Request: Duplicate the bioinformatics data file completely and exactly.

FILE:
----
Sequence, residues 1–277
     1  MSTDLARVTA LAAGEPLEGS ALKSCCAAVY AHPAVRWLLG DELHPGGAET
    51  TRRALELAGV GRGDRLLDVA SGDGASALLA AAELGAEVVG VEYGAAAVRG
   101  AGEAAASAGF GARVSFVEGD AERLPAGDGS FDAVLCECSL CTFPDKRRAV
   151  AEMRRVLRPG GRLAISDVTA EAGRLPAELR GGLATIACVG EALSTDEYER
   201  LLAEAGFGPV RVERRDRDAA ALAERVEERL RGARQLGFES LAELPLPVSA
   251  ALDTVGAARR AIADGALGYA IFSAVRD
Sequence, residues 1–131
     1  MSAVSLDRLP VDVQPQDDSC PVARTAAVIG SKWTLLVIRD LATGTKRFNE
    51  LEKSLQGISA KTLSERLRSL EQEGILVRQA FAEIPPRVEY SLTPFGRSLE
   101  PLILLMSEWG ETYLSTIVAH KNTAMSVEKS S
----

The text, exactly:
Sequence, residues 1–277
     1  MSTDLARVTA LAAGEPLEGS ALKSCCAAVY AHPAVRWLLG DELHPGGAET
    51  TRRALELAGV GRGDRLLDVA SGDGASALLA AAELGAEVVG VEYGAAAVRG
   101  AGEAAASAGF GARVSFVEGD AERLPAGDGS FDAVLCECSL CTFPDKRRAV
   151  AEMRRVLRPG GRLAISDVTA EAGRLPAELR GGLATIACVG EALSTDEYER
   201  LLAEAGFGPV RVERRDRDAA ALAERVEERL RGARQLGFES LAELPLPVSA
   251  ALDTVGAARR AIADGALGYA IFSAVRD
Sequence, residues 1–131
     1  MSAVSLDRLP VDVQPQDDSC PVARTAAVIG SKWTLLVIRD LATGTKRFNE
    51  LEKSLQGISA KTLSERLRSL EQEGILVRQA FAEIPPRVEY SLTPFGRSLE
   101  PLILLMSEWG ETYLSTIVAH KNTAMSVEKS S